Similarly, this circuit held that because the Army had discretion to discharge enlisted personnel, a service member had no property interest in continued employment with the Army. Guerra v. Scruggs, 942 F.2d 270, 278 (4th Cir.1991). On the other hand, in Mallette, the court noted that under the county disability retirement ordinance, once an employee had met particularized eligibility standards, the Retirement System's Board did not have discretion to deny the employee benefits. Mallette, 91 F.3d at 635. Thus, the county employees who met the requirements had a claim of entitlement in disability retirement benefits protected by due process. Id. at 636.
Former section 212(c) did not in any way limit the discretion of the Attorney General to admit otherwise deportable aliens. This statute in no way created an entitlement to a waiver of deportation, as it “grant[ed] the Attorney General broad discretion to admit excludable aliens.” St. Cyr, 533 U.S. at 294-95, 121 S.Ct. 2271 (emphasis added). The Act likewise did not limit whatsoever the Attorney General's discretion to waive deportability. Accordingly, Smith had no protected liberty or property interest in discretionary 212(c) relief, a circumstance fatal to his due process claim.
Smith cites United States v. Mendoza-Lopez, 481 U.S. 828, 107 S.Ct. 2148, 95 L.Ed.2d 772 (1987), for the proposition that, without regard to liberty or property interests, his due process rights were violated in 1998 by a lack of meaningful review in a judicial forum. We disagree with this contention. In Mendoza-Lopez, the question before the court was whether a defendant who was being criminally prosecuted for illegally reentering after lawful deportation could collaterally attack the prior deportation order. The Court concluded that since lawful deportation was a material element of the statutory offense, due process required, in this limited situation, a pretrial review of whether the prior deportation order was lawful. Id. at 837-38, 107 S.Ct. 2148. This was especially true when “defects in an administrative proceeding foreclose judicial review of that proceeding.” Id. at 838, 107 S.Ct. 2148.
Thus, while the Mendoza-Lopez Court admittedly espoused judicial review of administrative actions, the Court reasoned that review is essential when the outcome of the administrative proceeding is used as an element for criminal conviction. Id. at 839, 107 S.Ct. 2148. It is an overly expansive, and in fact, an incorrect, reading of Mendoza-Lopez to suggest that the Constitution requires “meaningful review” of any and all administrative procedures.4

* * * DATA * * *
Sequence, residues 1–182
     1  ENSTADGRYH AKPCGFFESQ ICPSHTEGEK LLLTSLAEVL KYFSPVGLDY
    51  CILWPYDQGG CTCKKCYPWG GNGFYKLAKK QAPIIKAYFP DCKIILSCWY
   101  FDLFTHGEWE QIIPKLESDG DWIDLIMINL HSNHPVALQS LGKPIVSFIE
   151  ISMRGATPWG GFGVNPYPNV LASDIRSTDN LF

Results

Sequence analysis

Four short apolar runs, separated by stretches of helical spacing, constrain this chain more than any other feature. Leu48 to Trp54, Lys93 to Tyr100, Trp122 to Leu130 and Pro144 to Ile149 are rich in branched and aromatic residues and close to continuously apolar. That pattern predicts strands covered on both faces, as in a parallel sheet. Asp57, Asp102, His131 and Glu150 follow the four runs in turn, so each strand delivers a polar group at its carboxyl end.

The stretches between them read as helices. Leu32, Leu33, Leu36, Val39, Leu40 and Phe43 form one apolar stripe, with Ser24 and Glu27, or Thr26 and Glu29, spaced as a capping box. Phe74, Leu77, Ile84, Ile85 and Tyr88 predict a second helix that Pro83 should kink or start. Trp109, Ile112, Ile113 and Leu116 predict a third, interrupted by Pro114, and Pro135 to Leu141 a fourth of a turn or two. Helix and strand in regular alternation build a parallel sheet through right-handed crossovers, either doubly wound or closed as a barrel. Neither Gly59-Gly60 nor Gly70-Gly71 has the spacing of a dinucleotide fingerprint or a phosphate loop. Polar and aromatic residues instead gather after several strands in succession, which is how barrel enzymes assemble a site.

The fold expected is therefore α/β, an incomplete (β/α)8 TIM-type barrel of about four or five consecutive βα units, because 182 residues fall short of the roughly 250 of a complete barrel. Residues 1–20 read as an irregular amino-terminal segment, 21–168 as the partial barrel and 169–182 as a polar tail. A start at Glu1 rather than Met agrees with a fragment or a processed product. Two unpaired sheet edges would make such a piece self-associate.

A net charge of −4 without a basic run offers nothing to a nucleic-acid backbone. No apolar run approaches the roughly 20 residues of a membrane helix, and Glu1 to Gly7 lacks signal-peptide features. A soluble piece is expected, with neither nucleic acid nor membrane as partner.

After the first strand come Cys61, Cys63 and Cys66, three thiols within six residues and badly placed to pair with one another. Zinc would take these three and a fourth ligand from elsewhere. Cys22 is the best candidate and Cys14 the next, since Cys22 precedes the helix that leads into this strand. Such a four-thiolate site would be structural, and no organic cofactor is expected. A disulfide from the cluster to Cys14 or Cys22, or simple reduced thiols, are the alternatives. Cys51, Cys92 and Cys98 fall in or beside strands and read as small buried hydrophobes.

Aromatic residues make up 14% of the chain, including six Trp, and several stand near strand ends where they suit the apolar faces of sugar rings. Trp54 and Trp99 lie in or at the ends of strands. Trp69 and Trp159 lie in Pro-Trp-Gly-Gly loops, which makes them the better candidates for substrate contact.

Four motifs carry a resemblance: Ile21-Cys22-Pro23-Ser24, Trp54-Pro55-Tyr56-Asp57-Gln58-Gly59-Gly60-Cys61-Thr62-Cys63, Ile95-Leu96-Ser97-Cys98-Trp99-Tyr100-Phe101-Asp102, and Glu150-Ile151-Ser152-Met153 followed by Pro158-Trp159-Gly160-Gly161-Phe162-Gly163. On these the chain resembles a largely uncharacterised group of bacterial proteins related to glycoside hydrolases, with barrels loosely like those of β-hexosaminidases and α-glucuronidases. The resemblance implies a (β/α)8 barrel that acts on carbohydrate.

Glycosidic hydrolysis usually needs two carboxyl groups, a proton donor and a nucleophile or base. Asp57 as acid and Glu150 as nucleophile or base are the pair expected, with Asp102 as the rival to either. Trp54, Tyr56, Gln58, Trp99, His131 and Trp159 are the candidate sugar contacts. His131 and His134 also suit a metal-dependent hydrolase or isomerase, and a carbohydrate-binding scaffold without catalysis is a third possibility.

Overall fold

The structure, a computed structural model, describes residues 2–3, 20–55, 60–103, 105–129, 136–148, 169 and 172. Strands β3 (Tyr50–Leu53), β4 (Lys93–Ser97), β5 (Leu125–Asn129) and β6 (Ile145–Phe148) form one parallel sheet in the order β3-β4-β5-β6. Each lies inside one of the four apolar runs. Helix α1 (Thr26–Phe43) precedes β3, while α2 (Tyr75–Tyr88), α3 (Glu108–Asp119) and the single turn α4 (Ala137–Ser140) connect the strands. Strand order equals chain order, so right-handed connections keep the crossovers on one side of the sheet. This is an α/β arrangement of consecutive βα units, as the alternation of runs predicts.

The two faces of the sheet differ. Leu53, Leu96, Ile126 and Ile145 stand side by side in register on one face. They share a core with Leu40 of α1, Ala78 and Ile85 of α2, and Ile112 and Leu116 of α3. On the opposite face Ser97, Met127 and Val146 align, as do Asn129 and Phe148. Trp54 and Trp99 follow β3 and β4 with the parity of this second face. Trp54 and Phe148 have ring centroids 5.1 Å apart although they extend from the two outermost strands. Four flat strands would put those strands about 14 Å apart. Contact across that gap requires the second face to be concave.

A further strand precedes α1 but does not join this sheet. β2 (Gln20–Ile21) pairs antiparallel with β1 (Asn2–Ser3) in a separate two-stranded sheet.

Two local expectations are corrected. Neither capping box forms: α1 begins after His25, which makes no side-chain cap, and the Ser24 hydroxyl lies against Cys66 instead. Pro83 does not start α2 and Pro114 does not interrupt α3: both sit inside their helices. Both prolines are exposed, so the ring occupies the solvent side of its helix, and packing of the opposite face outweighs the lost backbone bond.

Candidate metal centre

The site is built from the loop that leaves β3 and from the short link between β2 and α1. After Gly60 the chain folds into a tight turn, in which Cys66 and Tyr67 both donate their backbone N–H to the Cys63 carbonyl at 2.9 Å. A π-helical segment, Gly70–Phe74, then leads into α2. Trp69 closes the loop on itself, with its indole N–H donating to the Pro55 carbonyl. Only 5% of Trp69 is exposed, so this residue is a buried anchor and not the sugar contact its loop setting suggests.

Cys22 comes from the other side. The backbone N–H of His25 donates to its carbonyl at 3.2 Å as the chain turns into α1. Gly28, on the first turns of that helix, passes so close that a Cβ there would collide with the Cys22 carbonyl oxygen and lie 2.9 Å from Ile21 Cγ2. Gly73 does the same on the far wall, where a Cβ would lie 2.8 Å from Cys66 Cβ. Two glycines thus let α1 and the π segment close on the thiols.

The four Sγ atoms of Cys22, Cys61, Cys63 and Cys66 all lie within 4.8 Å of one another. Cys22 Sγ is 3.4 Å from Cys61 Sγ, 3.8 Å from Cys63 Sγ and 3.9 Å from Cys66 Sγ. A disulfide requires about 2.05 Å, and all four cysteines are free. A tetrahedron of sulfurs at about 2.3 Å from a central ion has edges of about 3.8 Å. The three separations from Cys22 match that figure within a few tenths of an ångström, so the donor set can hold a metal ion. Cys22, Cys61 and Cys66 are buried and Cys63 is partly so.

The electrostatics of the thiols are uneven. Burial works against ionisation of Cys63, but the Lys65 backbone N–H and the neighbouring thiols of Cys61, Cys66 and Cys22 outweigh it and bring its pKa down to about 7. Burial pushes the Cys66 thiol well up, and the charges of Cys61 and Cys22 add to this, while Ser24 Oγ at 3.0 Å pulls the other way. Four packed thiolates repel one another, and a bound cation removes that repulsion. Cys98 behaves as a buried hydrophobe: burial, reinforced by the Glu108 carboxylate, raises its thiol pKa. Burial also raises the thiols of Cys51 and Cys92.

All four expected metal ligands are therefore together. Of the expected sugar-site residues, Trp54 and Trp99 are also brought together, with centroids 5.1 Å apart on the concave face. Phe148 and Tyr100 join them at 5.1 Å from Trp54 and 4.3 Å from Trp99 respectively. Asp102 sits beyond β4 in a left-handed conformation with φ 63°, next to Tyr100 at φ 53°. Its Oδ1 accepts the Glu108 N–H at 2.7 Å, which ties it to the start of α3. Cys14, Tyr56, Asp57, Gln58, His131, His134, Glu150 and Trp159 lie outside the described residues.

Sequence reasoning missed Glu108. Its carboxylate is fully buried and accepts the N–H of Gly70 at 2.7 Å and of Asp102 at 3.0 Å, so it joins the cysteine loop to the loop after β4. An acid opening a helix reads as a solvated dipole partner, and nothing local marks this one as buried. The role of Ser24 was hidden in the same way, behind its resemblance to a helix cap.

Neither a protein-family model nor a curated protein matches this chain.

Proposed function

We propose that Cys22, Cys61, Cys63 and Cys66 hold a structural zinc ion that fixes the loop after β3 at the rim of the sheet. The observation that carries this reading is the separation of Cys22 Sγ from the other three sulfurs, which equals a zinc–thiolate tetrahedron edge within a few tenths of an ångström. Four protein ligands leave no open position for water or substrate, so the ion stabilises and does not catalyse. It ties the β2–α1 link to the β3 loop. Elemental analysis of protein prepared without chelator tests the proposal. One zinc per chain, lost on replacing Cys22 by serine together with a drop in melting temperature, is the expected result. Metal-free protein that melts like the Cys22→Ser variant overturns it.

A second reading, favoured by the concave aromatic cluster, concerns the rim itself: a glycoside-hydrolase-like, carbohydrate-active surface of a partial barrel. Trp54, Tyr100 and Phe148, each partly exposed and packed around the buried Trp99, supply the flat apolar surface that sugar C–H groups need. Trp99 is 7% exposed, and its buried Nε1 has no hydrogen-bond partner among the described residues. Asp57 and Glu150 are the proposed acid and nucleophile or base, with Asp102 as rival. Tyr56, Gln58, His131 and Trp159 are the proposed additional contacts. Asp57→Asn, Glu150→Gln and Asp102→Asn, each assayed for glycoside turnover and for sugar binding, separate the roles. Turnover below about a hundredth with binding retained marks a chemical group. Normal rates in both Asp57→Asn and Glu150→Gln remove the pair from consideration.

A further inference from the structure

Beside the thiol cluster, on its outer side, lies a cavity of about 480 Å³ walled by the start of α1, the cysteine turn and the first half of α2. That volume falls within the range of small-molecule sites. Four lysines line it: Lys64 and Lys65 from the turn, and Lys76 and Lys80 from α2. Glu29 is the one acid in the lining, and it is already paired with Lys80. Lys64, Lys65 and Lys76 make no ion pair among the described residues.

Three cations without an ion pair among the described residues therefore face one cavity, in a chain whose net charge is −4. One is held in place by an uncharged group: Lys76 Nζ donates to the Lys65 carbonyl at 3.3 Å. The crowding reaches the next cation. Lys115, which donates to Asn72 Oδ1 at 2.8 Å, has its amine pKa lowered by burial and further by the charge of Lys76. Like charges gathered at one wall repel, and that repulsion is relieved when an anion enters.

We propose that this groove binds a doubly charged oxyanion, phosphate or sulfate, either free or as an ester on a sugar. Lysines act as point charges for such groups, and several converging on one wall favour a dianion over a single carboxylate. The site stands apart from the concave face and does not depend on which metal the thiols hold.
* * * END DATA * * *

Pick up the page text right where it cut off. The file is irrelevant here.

For the foregoing reasons, we hold that, while the district court did have jurisdiction over Smith's habeas corpus petition, because Smith has no liberty or property interest in a discretionary waiver of deportability, the petition must be denied on the merits.
1. In his brief and at argument, Smith purported to challenge the constitutionality of 8 U.S.C. § 1231(a)(5). However, this claim was not advanced in the habeas petition or in briefing to the district court. We therefore decline to take up the issue on appeal.
2. Smith alternatively argues that we treat this as a petition for direct review pursuant to 8 U.S.C. § 1252(a). Although we would have jurisdiction to review the order of reinstatement, Velasquez-Gabriel v. Crocetti, 263 F.3d 102, 105 (4th Cir.2001), we do not have jurisdiction under section 1252(a) to inquire into the prior order of deportation, according to the terms of section 1231(a)(5). Ojeda-Terrazas v. Ashcroft, 290 F.3d 292, 294-95 (5th Cir.2002) As we understand the claim Smith is making in this appeal, a petition for direct review under section 1252(a) would not provide the relief he seeks. We therefore decline to treat it as such.
3. Prior to enactment of the IIRIRA, one of the conditions an alien had to establish to be considered for a suspension of deportation was that the alien be continuously physically present in the United States for at least seven years immediately preceding the date of application for suspension of deportation. See 8 U.S.C. § 1254(a) (1994). Prior to the IIRIRA, the time spent in deportation proceedings counted toward the continuous seven-year requirement. Id. The IIRIRA changed this by providing that “any period of continuous residence or continuous physical presence in the United States shall be deemed to end when the alien is served a notice to appear.” 8 U.S.C. § 1229b(d)(1). Thus, the initiation of deportation proceedings effectively “stops the clock,” and an alien can no longer continue to accrue years for the physical presence requirement after proceedings have begun. Appiah, 202 F.3d at 707.
4. The parties also advance arguments concerning the retroactive application of St. Cyr's holding that AEDPA does not bar section 212(c) relief for aliens who pled guilty prior to its enactment, and cite both Bousley v. United States, 523 U.S. 614, 118 S.Ct. 1604, 140 L.Ed.2d 828 (1998), and Harper v. Virginia Dep't of Taxation, 509 U.S. 86, 113 S.Ct. 2510, 125 L.Ed.2d 74 (1993). However, because we find that Smith has no meritorious constitutional claim, we need not decide the issue.
Affirmed by published opinion. Senior Judge BEAM wrote the opinion, in which Judge NIEMEYER and Judge GREGORY joined.